As one of 16 (duh) bloggers chosen to participate in the contest, I was tasked with creating a dessert with at least one Solo Foods ingredient. Armed with pie fillings galore, I set out in search of glory. Many grueling practice sessions and several recipes later, I had my MVP: Dessert chimichangas, filled with a sweet, flavorful mix of apricot, cinnamon, almond and vanilla; fried to crisp golden perfection; doused in cinnamon sugar; and topped with a healthy dollop of mascarpone whipped cream. She shoots, she SCORES.
C’mon BWB readers—send me home with the championship. Vote for my recipe here (scroll down to vote for me!).
Apricot almond dessert chimichangas with cinnamon mascarpone cream
1 can Solo Foods apricot pie filling
6 small (taco-sized) flour tortillas
1/3 cup sliced almonds
1/8 teaspoon cinnamon
1/8 teaspoon vanilla
1/4 teaspoon almond extract
Canola oil for frying
Cinnamon sugar coating:
1/2 cup sugar
1 tablespoon cinnamon
1/2 cup whipping cream
1 cup sugar
8 oz. mascarpone cheese
1/2 teaspoon vanilla
1/2 teaspoon cinnamon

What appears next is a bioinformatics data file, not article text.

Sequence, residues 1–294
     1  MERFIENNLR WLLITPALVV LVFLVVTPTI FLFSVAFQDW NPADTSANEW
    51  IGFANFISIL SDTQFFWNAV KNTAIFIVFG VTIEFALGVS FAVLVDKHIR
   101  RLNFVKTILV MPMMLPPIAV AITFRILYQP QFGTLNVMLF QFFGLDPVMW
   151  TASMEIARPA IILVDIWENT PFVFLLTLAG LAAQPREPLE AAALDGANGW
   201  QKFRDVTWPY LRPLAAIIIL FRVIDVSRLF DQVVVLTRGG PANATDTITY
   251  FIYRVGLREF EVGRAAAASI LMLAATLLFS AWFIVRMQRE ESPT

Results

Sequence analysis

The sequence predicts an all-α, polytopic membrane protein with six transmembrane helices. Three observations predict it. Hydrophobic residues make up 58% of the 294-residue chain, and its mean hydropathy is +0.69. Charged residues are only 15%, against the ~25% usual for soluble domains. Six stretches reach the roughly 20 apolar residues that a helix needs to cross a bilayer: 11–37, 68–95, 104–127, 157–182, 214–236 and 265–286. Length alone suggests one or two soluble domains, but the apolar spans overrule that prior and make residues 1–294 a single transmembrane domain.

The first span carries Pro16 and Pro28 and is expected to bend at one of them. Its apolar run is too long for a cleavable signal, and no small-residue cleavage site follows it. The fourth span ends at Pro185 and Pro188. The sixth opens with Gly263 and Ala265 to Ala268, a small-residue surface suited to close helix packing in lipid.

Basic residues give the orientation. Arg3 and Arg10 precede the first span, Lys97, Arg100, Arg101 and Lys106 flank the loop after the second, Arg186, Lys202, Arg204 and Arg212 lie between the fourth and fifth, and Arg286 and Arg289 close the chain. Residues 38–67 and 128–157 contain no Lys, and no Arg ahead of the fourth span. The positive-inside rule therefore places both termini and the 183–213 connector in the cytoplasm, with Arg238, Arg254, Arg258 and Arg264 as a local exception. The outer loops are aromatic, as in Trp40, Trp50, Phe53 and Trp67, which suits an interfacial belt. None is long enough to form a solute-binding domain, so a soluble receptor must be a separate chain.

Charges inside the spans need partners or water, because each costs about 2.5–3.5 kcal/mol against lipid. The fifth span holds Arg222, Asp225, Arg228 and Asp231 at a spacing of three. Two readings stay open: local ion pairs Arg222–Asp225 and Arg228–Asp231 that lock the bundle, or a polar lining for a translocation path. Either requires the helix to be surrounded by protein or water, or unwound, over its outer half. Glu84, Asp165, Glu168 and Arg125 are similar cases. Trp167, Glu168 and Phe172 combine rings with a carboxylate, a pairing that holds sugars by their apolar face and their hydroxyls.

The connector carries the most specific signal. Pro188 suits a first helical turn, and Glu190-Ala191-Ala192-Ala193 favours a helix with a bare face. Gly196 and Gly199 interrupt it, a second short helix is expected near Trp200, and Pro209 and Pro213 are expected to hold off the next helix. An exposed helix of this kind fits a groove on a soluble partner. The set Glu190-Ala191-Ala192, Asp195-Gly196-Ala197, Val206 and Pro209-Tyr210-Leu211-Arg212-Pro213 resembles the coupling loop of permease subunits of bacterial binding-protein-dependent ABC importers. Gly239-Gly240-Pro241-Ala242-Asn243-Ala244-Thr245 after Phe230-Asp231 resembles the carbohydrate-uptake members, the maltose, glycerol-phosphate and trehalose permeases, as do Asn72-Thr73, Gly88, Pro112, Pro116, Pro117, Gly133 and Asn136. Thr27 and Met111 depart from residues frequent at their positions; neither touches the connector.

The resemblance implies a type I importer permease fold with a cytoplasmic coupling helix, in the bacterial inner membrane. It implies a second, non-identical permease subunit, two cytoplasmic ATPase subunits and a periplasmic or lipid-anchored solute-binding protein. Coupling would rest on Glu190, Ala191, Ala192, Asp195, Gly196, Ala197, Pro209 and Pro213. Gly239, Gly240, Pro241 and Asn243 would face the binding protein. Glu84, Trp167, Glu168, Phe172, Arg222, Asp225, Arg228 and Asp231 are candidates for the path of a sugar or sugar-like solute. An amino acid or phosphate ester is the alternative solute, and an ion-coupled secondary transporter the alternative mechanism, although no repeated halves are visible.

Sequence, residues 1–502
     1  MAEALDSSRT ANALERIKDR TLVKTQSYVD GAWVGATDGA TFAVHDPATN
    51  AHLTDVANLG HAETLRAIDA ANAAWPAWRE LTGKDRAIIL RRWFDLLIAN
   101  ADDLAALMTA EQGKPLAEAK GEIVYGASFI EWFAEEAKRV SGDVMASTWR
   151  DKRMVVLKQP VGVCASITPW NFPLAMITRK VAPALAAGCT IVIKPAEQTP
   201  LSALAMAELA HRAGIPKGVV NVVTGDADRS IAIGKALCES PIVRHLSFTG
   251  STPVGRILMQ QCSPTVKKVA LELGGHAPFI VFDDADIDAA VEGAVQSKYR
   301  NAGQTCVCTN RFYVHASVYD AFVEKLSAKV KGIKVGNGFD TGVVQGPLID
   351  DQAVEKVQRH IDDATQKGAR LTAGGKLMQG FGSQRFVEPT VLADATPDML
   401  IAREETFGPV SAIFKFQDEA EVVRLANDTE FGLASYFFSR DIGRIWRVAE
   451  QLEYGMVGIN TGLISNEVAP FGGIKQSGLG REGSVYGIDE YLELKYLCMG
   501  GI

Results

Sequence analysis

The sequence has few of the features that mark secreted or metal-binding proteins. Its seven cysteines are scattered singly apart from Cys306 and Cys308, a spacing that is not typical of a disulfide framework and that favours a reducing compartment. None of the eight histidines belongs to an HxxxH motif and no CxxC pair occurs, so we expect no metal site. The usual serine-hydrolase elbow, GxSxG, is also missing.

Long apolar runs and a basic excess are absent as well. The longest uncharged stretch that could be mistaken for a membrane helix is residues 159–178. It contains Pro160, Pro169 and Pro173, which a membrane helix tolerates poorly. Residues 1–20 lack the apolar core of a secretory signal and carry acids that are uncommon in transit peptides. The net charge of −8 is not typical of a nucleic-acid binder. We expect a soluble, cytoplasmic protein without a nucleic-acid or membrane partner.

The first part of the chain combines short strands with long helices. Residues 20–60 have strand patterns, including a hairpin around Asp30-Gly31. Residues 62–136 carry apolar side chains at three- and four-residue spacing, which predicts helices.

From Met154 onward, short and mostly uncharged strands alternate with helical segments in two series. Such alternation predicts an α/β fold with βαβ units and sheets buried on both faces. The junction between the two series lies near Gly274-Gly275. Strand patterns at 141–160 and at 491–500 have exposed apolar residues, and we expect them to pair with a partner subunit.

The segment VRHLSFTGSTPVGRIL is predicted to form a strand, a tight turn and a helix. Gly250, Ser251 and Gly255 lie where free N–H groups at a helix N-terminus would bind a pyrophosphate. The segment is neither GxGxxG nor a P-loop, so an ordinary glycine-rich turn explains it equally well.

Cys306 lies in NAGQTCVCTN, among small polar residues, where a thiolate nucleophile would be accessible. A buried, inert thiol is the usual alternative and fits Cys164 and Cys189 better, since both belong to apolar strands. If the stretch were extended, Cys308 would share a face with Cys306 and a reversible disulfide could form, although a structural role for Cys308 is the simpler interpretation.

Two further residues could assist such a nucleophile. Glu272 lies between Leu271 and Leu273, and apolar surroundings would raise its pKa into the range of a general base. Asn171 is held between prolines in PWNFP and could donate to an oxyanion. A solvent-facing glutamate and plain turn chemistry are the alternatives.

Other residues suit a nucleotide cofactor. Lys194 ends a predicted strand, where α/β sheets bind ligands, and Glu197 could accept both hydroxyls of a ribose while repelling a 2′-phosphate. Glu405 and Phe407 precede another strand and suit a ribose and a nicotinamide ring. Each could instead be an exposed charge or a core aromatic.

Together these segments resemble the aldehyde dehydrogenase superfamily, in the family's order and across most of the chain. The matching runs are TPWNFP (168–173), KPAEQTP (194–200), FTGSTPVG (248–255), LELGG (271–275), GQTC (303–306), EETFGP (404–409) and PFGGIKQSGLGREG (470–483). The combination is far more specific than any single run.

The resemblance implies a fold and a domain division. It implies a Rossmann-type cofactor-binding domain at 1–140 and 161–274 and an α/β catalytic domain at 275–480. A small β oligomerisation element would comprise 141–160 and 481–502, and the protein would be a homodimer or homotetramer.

Mix all chimichanga ingredients (minus oil and tortillas). Spoon 2-3 heaping tablespoons of the mixture onto the middle of each tortilla. Fold up tortillas, burrito-style, so the ends of the “burrito” are tucked into the rolled tortilla. Secure each chimi with several toothpicks. Refrigerate for a couple hours–this will help ensure the chimis maintain their form during frying.
Meanwhile, make the mascarpone cream. Whip the whipping cream and sugar in a stand mixer or with a hand mixer until stiff peaks form. Add vanilla and cinnamon. Beat in marscarpone cream and whip until the mixture is stiff again. Cover and refrigerate.
Mix cinnamon and sugar and set aside. You’ll use this to coat the chimis immediately after frying.